Missionary recalls wife, daughter at service
Saturday, April 28th 2001, 12:00 am
By: News On 6
FRUITPORT, Mich. (AP) _ At the funeral for his wife and infant daughter, an American missionary said he has forgiven the Peruvian pilot who shot down their small plane and said his wife would have done the same.
``I'm not bragging about my attitude. I have no idea why I feel this way,'' Jim Bowers said Friday night at the funeral for Veronica ``Roni'' Bowers, 35, and their daughter, 7-month-old Charity. ``God's given me peace.''
Veronica and Charity Bowers died after a Peruvian military jet, believing the pontoon plane was smuggling drugs, shot it down over northeastern Peru on April 20.
Jim Bowers, 38, and son Cory, 6, were also on board but were unhurt. Pilot Kevin Donaldson, 41, who managed to land the plane on the Amazon River, suffered serious leg wounds.
About 1,300 people attended Friday's service at a Baptist church in Fruitport, 40 miles northwest of Grand Rapids. The victims will be buried Sunday afternoon in Pensacola, Fla., near the home of the wife's parents.
Bowers, in a 30-minute eulogy, spoke calmly as he recalled fond memories of his wife and daughter, and thanked people around the world for their prayers and words of comfort.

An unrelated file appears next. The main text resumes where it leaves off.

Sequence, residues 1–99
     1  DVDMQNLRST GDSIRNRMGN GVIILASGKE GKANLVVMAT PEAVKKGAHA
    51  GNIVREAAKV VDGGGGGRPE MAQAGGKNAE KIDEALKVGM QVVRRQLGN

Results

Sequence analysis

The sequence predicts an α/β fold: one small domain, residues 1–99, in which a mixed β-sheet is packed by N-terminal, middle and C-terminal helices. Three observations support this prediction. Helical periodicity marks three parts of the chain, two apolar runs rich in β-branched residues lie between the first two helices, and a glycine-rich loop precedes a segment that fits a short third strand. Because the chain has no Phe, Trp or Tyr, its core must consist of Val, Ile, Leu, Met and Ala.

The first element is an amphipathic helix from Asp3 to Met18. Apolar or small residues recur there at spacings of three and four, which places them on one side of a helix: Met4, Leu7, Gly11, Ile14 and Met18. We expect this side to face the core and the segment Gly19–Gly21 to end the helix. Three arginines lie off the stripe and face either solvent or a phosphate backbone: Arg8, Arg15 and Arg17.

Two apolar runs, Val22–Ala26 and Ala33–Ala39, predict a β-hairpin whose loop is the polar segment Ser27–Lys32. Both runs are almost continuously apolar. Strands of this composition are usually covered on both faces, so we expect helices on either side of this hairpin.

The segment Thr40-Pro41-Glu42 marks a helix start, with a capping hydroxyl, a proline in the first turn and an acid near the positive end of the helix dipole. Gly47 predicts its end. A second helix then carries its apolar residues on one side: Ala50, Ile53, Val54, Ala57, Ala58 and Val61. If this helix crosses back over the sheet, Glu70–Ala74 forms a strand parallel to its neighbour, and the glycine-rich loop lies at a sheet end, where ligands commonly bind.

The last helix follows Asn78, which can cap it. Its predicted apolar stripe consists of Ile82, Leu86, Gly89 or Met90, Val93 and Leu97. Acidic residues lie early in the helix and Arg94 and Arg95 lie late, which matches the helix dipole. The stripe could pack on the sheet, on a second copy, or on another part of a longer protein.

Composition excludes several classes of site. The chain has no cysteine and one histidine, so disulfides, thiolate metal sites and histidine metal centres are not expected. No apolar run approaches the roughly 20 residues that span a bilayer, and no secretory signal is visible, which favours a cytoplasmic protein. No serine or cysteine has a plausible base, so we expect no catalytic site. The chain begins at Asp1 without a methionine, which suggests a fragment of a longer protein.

``One sign that God was responsible for what happened is the profound effect on people around the world,'' he said. ``I'm hoping it will result in an increase in missionaries .... I'm sure it will; people are challenged now to go do what Roni did.''
He said he and his wife considered Charity, whom they adopted when she was 1 month old, ``their precious gift from God.''
Manuel Boza, Peru's consul general in Chicago, offered his nation's condolences during the service, and called the deaths a tragedy for his country as well.
``There are moments when really it's very difficult to find the words that could appropriately and adequately express our sentiments or emotions,'' Boza said. ``Certainly, this is one of those moments.''
Among the flower arrangements near the closed white casket holding the bodies of both mother and child were four dozen red roses with a note that said ``From the government and people of Peru.''
President Bush telephoned his condolences to Jim Bowers. The White House said Bush did not attend the funeral because he did not want to intrude on a private event.
In Inquitos, Peru, more than 500 people packed a university auditorium Friday night for a memorial service for Veronica and Charity Bowers.
``It's sad that we have been left without them, but we are also happy because we know there is eternal life,'' Baptist missionary Larry Hultquist said in opening the memorial service in Iquitos, a city 625 miles northeast of the capital, Lima.